All About Exterior Stain
This Old House decodes the differences between the various types of stain so that you can get the look you want
Spring heralds the arrival of weather warm enough for us to finally get outside and start undoing the damage winter has wrought on woodwork. Refreshing the finish on decks, fences, and siding tops the to-do list because without renewed protection against Mother Nature, wood will start to decay. In a one-two punch, sunlight breaks down the lignin that holds wood fibers together, leaving a gray surface that can't hold a finish. Then water gets in, rotting boards and shingles and, worse, potentially compromising the structures that lie beneath them.
You can safeguard wood in one of two ways: either with paint, which seals it under an opaque film, or, perhaps better, with exterior stain. The beauty of stain is that it's easy to apply, resistant to peeling, and brings out wood's texture or grain. But stain comes in a bewildering number of types. Some are as clear as bourbon; others are as milky as paint. Some form a film on top of the wood; others leave behind nothing but a hint of surface color.
Rather than waste time—or money—with trial and error in pursuit of the right stain for your job, take a look at the following pages. We translate the confusing labels, show you some of the many places stains are used, and offer tips on how to apply and maintain a finish for maximum durability. Once you make your choice and lay it on, you can rest easy, knowing that your wood is taken care of. Well, at least until next spring.
Shown: A knock-out deck starts with great wood—in this case, clear redwood protected with a burgundy-tinted penetrating stain. Behr Premium Semi-Transparent Weatherproofing Wood Stain; behr.com
These are the ingredients found in oil-based semitransparents, the most widely used stain type.
Resins and oils carry the pigments and additives into the wood fibers and shield them from water.
Pigments add color to wood and guard it from the sun's ultraviolet rays.
Additives improve finish performance and make the stain easier to apply.
Solvents thin the oils and resins so that they can easily penetrate the wood.
Oil- or Water- Based, or Both?
Waterborne acrylic stains stand up best to the sun. Oil stains penetrate deeply, even in tropical hardwoods. New, hybrid blends do both and are low in VOCs.
What Do They Cost?
Expect to pay $25 to $48 per gallon. Nontoxic "green" stains typically run from $40 to $75.
How Long Will the Finish Last?
It depends on the type. Those with more pigment last the longest: up to 7 years for a solid-color stain. Clear toners, which have the least amount of pigment, need to be reapplied annually.
When to Apply it?
Before installation, ideally, or soon after, to limit exposure to the elements. Reapply as needed, preferably in the spring.
DIY or Hire a Pro?
Most homeowners can easily apply stains using a brush or pump sprayer. For big projects that need lots of prep, consider hiring it out.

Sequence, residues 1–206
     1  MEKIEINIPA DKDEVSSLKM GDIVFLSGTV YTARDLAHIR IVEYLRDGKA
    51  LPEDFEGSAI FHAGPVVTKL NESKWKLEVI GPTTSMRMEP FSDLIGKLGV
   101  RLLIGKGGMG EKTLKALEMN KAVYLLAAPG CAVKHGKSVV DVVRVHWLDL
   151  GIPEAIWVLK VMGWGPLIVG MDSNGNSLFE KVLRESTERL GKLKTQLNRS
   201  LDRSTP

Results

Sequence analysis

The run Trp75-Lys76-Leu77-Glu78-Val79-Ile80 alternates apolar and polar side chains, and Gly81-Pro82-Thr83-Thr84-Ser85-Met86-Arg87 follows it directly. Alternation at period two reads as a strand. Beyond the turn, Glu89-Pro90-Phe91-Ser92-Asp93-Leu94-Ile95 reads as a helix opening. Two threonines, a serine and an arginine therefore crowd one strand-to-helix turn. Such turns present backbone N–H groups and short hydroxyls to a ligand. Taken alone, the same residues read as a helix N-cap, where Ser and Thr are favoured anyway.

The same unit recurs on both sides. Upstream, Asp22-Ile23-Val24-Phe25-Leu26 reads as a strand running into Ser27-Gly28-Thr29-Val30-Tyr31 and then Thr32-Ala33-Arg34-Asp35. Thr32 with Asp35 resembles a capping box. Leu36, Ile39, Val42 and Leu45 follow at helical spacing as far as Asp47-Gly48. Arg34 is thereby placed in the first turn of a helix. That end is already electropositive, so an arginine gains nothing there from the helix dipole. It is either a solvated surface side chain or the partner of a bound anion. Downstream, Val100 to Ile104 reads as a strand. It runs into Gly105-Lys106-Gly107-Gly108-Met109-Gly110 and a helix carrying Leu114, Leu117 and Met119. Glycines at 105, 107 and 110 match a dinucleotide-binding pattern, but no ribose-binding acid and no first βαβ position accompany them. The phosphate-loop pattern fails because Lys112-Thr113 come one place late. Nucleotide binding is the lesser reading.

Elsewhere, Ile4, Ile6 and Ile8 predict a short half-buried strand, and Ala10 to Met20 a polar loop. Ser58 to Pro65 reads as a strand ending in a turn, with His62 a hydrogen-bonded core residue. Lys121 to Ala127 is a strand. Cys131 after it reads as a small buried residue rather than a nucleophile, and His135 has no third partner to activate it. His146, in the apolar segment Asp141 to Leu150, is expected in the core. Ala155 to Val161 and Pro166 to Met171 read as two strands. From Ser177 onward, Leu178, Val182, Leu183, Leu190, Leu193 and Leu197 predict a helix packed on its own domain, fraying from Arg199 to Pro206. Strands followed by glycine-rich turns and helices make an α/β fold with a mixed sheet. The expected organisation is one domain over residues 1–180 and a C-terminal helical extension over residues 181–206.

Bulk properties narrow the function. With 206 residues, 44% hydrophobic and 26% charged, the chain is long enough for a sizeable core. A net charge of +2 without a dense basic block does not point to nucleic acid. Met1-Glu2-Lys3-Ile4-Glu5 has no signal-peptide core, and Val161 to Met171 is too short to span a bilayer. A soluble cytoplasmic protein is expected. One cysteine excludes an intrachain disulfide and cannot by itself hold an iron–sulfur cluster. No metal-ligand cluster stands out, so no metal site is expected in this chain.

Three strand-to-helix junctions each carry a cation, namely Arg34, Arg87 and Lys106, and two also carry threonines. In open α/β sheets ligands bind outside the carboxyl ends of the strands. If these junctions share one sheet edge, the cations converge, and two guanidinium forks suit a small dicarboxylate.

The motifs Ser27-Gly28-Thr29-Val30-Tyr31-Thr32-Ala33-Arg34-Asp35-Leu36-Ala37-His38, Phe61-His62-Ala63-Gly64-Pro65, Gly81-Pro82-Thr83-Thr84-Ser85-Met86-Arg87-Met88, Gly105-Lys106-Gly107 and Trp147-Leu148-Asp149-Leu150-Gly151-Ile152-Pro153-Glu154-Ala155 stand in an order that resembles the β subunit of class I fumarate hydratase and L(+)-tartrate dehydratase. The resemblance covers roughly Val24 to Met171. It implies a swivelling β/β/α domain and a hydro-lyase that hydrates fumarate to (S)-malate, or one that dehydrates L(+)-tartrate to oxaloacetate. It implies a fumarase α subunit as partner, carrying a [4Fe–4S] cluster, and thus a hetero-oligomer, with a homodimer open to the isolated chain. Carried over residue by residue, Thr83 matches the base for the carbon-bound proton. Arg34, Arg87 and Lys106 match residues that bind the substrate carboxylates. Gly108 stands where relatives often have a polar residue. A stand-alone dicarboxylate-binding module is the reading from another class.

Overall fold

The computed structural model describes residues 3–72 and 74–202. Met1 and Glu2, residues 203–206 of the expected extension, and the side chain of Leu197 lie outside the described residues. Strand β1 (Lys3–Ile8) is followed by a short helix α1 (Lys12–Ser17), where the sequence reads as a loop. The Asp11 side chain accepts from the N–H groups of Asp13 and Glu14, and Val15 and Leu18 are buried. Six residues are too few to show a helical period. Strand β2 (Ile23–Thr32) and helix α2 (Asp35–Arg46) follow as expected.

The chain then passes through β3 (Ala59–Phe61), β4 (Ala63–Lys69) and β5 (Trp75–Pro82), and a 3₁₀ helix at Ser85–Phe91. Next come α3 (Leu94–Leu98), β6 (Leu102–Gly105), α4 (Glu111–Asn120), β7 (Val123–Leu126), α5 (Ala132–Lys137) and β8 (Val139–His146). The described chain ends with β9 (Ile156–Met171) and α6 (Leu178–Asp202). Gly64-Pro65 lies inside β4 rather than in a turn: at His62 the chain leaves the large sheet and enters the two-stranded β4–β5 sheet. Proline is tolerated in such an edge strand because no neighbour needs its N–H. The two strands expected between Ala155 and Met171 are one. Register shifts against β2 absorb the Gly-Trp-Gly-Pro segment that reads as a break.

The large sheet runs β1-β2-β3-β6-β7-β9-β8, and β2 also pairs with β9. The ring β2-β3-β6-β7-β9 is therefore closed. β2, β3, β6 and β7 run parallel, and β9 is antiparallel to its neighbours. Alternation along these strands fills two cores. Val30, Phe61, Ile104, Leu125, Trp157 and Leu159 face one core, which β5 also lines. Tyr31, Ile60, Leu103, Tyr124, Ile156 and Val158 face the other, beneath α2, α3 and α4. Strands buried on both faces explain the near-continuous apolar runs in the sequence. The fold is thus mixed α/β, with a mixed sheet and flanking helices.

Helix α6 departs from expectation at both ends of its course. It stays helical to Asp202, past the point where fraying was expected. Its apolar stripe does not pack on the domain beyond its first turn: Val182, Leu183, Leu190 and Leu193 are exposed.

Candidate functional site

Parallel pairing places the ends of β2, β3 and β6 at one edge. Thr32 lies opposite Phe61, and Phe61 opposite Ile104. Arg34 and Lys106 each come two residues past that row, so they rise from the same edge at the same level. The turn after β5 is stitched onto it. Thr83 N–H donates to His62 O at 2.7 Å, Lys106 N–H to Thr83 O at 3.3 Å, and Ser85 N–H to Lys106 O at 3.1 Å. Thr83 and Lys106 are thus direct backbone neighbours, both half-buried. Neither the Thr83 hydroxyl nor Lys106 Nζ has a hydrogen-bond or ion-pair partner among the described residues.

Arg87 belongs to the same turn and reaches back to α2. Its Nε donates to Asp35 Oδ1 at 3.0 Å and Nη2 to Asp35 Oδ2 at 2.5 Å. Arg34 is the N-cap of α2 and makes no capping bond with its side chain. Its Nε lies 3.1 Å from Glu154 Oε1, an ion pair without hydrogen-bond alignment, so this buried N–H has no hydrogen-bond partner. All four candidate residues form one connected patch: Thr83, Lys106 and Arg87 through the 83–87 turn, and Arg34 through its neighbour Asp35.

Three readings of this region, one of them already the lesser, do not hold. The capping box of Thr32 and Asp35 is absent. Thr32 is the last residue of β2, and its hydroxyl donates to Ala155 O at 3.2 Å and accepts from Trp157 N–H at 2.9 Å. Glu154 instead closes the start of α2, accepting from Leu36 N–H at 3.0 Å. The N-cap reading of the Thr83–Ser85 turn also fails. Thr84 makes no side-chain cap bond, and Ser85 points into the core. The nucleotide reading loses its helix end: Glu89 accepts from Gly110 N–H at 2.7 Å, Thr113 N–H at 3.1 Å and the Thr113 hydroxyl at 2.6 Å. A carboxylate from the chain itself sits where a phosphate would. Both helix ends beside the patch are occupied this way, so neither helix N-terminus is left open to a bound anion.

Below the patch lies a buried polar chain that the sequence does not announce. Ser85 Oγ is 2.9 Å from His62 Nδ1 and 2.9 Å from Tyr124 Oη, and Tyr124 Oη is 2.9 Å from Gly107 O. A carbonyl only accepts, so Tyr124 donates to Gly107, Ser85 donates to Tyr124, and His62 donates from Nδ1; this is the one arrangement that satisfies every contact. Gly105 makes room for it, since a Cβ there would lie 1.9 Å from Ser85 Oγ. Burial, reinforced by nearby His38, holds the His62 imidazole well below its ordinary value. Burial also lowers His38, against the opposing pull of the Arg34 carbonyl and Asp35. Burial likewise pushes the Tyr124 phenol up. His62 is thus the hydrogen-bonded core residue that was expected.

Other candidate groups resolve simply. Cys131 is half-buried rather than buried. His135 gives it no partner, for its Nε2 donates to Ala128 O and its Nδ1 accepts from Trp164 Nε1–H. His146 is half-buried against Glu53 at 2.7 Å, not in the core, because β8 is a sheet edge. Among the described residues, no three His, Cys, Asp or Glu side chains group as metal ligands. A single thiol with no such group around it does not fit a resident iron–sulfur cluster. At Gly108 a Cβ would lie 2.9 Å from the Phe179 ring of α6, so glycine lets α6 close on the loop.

Has less pigment than a solid-color stain, so it only partially obscures the wood's grain. Leaves no surface film; can't peel. Recoat every 2 to 4 years.
Finely ground iron pigments called transoxides block the sun without obscuring the wood's grain and impart a warm tint. Leaves no surface film; can't peel. Recoat annually.
Looks like a flat paint; hides the wood's grain but not its texture. Forms a film that can peel if not properly applied. Recoat every 5 to 7 years.
Contains enough pigment to change the wood's color but not enough to obscure its grain. Leaves no surface film; can't peel. Recoat every 2 to 3 years.
Destined to turn gray and rot unless you cover it with stain.
Shown: Cabot solid color, semisolid, and semitransparent in New Redwood; Clear Solution Wood Toner in Cedar; cabot.com
Before you buy, ask yourself these questions.
What's the wood coated with now?
If it's bare, chose whichever stain you want. But if it has a film finish, it's easiest to stick with that; penetrating stains can't go over a film. Also, water-based stains will cover oil-based ones, but not the other way around.
What kind of wood do you have?
Soft woods, like pine and cedar, easily accept any penetrating stain. But only certain kinds of seed oils, such as tung or linseed, will soak into ultradense hardwoods like ipe and mahogany. Always test these woods first to make sure the finish will penetrate and dry.
How worn is it?
On older decks, unless you can sand off the top layer you'll get the best protection from a penetrating finish: a clear toner, a semitransparent, or a semisolid. Solid-color stains are best on new wood.
How much grain do you want to see?
The less pigment a stain has, the more grain you'll see, as shown on the stack of blocks at left. But the more pigment, the longer you can go before recoating.
Where is it located?
Stain on horizontal or south-facing surfaces gets more punishing UV rays than on vertical surfaces or shady north sides. To minimize maintenance, consider stains with more pigment.
These penetrating liquids seal the wood so that it won't shrink, crack, or rot. But they contain little if any pigment that prevents surface graying. One type, which typically contains wax or silicone, makes water bead up on the surface; another allows water to spread out in sheets. "Beaders" degrade quickly, usually in a matter of months; you know it's time for a fresh coat when the beading stops. "Sheeters" can last a few years. Water dries faster on sheeters and doesn't leave behind spots like a beader does, but there's no tell-tale sign that it's time for a new coat.
These finishes are friendly to the environment—and your lungs. Stains are packed with solvents to ensure that their resins and pigments penetrate wood fibers. Problem is, the solvents in most oil-based stains contain VOCs, which pollute the air and are unhealthy to breathe. Many so-called "green" stains—those containing less than 100 grams of VOCs per liter—rely on waterborne resins and pigments that behave differently than traditional oils. Here's what to expect.
Faster Dry Time
Waterborne resins dry faster than oils, so you can get out on your deck sooner. But greater care is required during application to prevent lap marks; brush the finish on no more than two boards at a time, and be sure to cover their lengths in one pass. Also, stains should be applied in the shade when surface temperatures are above 50 degrees.
Slower to Soak In
The new formulas are more durable and abrasion resistant but don't penetrate as deeply or quickly as oil, so it's easy to overapply them and leave shiny spots. To avoid this, brush out the finish to a thin, even film. Wipe off any excess immediately.
Potentially Prone to Mildew
Nontoxic stains may not contain chemicals that prevent mildew. If these fungi are a problem where you live, you'll have to add mildewcide to the stain before application.
Shown: Messmer's low-VOC penetrating oil works on dense exotic hardwoods; messmers.com. Vermont Natural Coatings is made with nontoxic ingredients, such as milk whey; vermontnaturalcoatings.com. BioShield contains no VOCs or toxic chemicals. Comes in 17 colors; bioshieldpaints.com. SafeCoat offers wood-tone colors with low odor; afmsafecoat.com